The first release from Wall of Waves comes from multi-instrumentalist Marvin Ayres. Like 2012’s Harmogram Suite, Ultradian Rhythms is an orchestral suite in which Ayres plays all the parts, but so smoothly that one can picture dozens of string players springing to life. While the phrase “over-dubbed” is typically a critique, Ayres wears the tag as a badge of honor. This is his project, solely his, rise or fall.
Perhaps such a shift in the artist’s work might have been expected after years of collaborative work. One can only stand in the shadows for so long without beginning to wonder, “Is this my destiny?” At this point, Ayres’ second period is proving to be more memorable than his first. Many performers try to compose effective suites, but few succeed. Ayres’ edge is his mastery of instruments over mixing boards; his fascination may be with texture, but his cello remains the lead story.
This facet of Ayres’ background is not immediately apparent; the listener must reach the heart of the album in order to experience it. “Variation One” bobs on the current, low waves of processed strings producing a lulling effect. Minute shifts become apparent as the track progresses; the flotsam follows the flow. This opening piece, as well as closer “Ultradian”, are reminiscent of the music of Richard Skelton in that their soft surface belies a churning underbelly. While it’s unlikely that Ayres uses 140 layers (as he did in his last suite), Ultradian Rhythms was once “a short, improvised piece”, and now it’s been taffied to fill an hour. These sedimentary layers took years to form, but their outlines can be discerned in the digital dust.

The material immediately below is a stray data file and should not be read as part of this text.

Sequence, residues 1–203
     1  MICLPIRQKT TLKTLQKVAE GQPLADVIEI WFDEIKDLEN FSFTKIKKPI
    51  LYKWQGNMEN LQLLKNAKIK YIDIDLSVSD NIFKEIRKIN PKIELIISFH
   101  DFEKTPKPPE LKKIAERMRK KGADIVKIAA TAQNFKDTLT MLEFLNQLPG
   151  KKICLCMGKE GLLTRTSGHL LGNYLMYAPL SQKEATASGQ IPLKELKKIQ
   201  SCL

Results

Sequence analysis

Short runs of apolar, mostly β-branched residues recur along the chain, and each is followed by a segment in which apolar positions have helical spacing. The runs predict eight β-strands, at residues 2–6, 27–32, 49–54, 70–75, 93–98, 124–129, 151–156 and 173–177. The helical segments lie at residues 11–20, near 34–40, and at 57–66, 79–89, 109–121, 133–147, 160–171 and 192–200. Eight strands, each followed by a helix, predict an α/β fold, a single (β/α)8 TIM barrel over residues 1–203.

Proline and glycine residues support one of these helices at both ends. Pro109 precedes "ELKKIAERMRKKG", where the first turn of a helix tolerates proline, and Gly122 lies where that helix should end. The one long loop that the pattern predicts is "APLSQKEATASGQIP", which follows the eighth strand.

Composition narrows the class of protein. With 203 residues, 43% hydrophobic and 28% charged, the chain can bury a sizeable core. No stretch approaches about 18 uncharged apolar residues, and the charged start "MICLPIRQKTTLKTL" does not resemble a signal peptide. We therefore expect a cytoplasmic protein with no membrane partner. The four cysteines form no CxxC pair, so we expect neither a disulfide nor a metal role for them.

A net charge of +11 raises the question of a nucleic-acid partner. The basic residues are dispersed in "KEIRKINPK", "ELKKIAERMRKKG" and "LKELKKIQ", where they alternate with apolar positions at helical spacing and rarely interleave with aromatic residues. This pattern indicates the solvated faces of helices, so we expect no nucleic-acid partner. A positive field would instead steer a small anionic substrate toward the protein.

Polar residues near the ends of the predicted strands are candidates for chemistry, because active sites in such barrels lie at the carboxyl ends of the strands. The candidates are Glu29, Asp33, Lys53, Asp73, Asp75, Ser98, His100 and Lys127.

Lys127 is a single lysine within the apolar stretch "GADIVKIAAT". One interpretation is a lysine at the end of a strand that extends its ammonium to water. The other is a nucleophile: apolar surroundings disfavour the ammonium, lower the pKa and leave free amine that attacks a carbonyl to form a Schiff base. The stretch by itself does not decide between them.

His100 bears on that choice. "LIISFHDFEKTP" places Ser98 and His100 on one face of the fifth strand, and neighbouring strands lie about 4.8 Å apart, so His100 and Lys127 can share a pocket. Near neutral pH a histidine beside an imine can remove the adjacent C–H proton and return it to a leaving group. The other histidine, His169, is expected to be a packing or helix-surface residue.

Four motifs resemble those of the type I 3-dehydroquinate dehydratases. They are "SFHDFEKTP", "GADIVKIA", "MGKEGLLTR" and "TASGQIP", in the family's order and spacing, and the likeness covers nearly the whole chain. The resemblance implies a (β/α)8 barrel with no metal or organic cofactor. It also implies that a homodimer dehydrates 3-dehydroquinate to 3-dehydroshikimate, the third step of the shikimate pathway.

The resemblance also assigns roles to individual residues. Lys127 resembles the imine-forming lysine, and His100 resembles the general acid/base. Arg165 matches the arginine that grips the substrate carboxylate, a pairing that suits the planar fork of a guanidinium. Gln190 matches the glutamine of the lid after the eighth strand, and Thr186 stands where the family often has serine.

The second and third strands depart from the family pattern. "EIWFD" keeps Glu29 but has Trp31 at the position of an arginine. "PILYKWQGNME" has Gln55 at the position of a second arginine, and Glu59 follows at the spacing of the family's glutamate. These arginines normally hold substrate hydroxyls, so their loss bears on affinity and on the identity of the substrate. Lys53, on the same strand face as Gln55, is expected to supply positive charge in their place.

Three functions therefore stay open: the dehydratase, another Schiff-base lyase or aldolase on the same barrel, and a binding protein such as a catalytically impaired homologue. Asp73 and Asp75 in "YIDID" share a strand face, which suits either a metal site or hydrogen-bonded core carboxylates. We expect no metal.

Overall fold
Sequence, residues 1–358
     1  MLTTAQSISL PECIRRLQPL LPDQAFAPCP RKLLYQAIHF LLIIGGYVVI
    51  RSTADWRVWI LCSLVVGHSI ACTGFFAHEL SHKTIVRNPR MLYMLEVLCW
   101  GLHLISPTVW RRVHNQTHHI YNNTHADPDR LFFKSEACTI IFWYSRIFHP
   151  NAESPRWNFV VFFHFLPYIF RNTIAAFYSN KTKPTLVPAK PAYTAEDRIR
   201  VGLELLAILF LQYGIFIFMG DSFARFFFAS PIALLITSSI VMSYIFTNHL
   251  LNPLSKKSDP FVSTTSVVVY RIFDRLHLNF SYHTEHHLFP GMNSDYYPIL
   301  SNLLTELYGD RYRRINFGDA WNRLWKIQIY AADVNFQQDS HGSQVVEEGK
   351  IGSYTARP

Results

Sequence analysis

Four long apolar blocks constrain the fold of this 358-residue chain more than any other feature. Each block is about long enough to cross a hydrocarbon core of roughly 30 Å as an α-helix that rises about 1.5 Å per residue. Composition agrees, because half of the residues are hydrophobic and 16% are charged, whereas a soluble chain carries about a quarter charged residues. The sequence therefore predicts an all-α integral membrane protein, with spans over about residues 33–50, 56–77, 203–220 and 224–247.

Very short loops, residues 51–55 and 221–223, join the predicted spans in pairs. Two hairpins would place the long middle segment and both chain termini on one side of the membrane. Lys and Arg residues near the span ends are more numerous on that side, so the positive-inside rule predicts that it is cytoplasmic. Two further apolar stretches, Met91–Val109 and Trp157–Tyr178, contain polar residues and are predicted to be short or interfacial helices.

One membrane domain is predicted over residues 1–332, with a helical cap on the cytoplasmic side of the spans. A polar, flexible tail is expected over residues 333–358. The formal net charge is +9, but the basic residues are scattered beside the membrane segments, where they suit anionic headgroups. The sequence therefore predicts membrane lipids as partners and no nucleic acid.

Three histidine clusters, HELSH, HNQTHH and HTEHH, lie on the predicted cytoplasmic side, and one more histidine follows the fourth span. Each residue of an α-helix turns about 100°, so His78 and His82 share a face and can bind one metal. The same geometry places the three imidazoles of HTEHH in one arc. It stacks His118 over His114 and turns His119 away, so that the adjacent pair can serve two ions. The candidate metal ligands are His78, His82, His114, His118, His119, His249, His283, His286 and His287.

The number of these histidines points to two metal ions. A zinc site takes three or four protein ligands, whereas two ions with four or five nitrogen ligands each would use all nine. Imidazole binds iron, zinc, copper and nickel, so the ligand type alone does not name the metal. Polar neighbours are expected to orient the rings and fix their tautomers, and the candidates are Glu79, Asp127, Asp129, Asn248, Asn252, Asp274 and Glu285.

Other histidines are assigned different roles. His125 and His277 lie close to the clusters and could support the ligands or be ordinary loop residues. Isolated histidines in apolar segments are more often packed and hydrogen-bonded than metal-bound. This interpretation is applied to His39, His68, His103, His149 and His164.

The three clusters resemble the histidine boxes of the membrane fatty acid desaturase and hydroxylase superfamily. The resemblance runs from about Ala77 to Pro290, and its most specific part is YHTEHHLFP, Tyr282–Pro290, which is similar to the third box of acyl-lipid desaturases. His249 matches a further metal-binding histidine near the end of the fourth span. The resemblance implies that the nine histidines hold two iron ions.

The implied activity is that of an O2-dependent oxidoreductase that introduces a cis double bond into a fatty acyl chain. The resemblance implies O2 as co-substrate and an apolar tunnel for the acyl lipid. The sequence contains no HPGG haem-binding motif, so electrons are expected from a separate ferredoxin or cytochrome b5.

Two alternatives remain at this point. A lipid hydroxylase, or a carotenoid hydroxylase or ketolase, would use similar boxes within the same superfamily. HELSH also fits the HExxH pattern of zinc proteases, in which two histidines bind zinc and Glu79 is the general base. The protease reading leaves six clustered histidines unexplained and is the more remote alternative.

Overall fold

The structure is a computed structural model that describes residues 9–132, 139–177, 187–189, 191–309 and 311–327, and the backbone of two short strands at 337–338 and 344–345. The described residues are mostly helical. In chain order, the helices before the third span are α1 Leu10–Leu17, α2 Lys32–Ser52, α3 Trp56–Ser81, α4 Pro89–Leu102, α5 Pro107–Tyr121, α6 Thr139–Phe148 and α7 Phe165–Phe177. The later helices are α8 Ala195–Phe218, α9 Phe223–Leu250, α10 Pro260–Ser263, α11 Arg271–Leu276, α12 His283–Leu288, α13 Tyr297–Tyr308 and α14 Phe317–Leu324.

A single cello line begins to separate itself from the pack at the end of the first variation, but strides to center stage in the second. In this moment, the sheet is drawn back and the composer is revealed. The muddied water clears; the sun illuminates the sand beneath the surface. As the first track shared with the public prior to the release (via a YouTube sample clip), “Variation Two” demonstrates the strength of the composer. We need to trust in the strength of the composition before following Ayres into the realm of the processed, and this track cements the trust. The other central tracks continue to highlight a single or double lead instrument; at the end, the strings sink once more into a morass of ambience. This bell curve serves the album well. By the end, the listener is happy to be borne on gentle waves back to the sea. (Richard Allen)